How can a Tech reach out 80 miles with voice?

Discussion in 'On-Air Operations - Q&A' started by KE0KDQ, Aug 3, 2018.

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  1. KE0KDQ

    KE0KDQ Ham Member QRZ Page

    Ready for a tough nut to crack?

    I have a friend 80 miles away as the crow flies. I'd like to be able to talk directly to him without using repeaters or cell phones :)

    If we're both Techs and we need to use voice to communicate, is my best bet 10 M SSB? I know there are better options like "get your General tickets," "wait for the sun to start cooperating," or "use CW and 1500 W" but let's say our limitations are Tech tickets and voice comms without repeaters.

    Any advice other than pray?
  2. KL1T

    KL1T Ham Member QRZ Page

    Height and a yagi are your friends.
    There are many places that 80 miles on 2m wouldn't be a problem with a 50w mobile rig. You will need height at one or both ends with no hills of any kind blocking the path between you.
    K9ASE likes this.
  3. WG7X

    WG7X Premium Subscriber QRZ Page

    It's not tough at all.

    You both need one of the small four element antennas from any good manufacturer. I used a four element Cushcraft. With yagis on both ends and some height, 20-30 feet is usually achievable, the path should work. Two meter SSB is preferable to FM, but both should do the trick, with SSB being far superior to FM for this kind of situation.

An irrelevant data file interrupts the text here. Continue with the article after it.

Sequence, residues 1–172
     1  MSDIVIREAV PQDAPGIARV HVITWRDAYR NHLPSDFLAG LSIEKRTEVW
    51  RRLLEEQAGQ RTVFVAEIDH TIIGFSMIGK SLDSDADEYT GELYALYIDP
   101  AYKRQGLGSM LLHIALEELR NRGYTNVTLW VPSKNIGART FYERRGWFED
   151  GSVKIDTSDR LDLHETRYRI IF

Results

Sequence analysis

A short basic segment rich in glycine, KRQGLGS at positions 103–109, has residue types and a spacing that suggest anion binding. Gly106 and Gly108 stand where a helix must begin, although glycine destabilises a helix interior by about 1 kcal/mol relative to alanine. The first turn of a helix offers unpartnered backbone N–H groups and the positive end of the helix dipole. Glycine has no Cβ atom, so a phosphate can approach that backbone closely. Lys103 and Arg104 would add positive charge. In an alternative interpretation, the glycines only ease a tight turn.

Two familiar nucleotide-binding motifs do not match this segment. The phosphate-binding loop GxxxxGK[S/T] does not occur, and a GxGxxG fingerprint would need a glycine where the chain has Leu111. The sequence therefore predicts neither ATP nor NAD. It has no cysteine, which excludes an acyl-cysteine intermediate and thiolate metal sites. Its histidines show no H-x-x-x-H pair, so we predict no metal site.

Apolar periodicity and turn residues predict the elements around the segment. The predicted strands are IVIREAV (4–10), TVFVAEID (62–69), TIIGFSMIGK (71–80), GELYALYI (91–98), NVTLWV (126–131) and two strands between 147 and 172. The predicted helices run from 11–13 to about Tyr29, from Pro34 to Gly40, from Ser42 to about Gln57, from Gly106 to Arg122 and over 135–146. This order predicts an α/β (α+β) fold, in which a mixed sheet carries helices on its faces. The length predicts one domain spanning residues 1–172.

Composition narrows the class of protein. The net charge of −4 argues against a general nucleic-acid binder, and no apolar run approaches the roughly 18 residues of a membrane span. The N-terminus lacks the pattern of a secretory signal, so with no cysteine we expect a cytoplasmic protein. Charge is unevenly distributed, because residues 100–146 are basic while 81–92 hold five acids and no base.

If the path is still too tough, more height or really big antennas...
    KB4QAA likes this.
  4. N2EY

    N2EY Premium Subscriber QRZ Page

    What is the path between you locations like? Flat? If so, as others have pointed out, it's just a matter of a good Yagi at a sufficient height, with a decent receiver and maybe a bit of power.
  5. AI3V

    AI3V Ham Member QRZ Page

    You in Kansas Toto? :)

    Vhf is what you want, with as long a Yagi-Uda on each end as you can get up.

    Note: gain comes from boomlength NOT the number of elements, don't be fooled!

    And I'd go for a hundred watts or so.

    SSB is better than fm.

    Try and borrow some gear, you probably can get buy with less.

    You will be using a mode called troposcatter, a line of sight path is not necessary, and modest hills in between will have little effect.

  6. N8AFT

    N8AFT Subscriber QRZ Page

    Learn code!
    Do 80+ miles with ease as CW propagates well even with very low power.
    Your Tech ticket entitles you to a vast amount of HF frequency when you go CW.
    Something I hope you will consider. Besides anyone can use a mic, it takes zero talent or effort.

    Learn Morse
    Do CW
    K8BZ likes this.
  7. K3UJ

    K3UJ Ham Member QRZ Page

    6M should work too. Same type of antenna setup and mode.
  8. VK3YE

    VK3YE Ham Member QRZ Page

    Provided there's not too many obtructions, I'd also pick 2m SSB.

    >20w to a 4 or 6 element yagi should do it. Some examples (with lower power and smaller antennas) are below.

    There are websites where you can put in your location and the other stations and it will show the path between them.
  9. K6CLS

    K6CLS Ham Member QRZ Page

    I easily get ~85 miles on 432.1MHz. that's with my homemade 13el WA5VJB Cheap Yagi at about 20' (temporary pole), 30w, although 100w is better. Other station's yagi is quite high, perhaps 75 feet. so yeah, get some altitude.